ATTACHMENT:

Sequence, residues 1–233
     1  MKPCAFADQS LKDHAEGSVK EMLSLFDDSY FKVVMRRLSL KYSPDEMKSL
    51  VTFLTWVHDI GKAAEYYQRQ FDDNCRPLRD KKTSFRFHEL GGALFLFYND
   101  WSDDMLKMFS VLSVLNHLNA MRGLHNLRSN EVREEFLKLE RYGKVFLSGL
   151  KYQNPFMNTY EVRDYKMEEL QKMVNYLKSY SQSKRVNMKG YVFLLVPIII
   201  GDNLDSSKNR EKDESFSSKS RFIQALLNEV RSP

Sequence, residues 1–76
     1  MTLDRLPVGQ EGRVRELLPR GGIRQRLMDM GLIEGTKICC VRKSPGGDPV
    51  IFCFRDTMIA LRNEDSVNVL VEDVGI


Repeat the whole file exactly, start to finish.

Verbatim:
Sequence, residues 1–233
     1  MKPCAFADQS LKDHAEGSVK EMLSLFDDSY FKVVMRRLSL KYSPDEMKSL
    51  VTFLTWVHDI GKAAEYYQRQ FDDNCRPLRD KKTSFRFHEL GGALFLFYND
   101  WSDDMLKMFS VLSVLNHLNA MRGLHNLRSN EVREEFLKLE RYGKVFLSGL
   151  KYQNPFMNTY EVRDYKMEEL QKMVNYLKSY SQSKRVNMKG YVFLLVPIII
   201  GDNLDSSKNR EKDESFSSKS RFIQALLNEV RSP

Sequence, residues 1–76
     1  MTLDRLPVGQ EGRVRELLPR GGIRQRLMDM GLIEGTKICC VRKSPGGDPV
    51  IFCFRDTMIA LRNEDSVNVL VEDVGI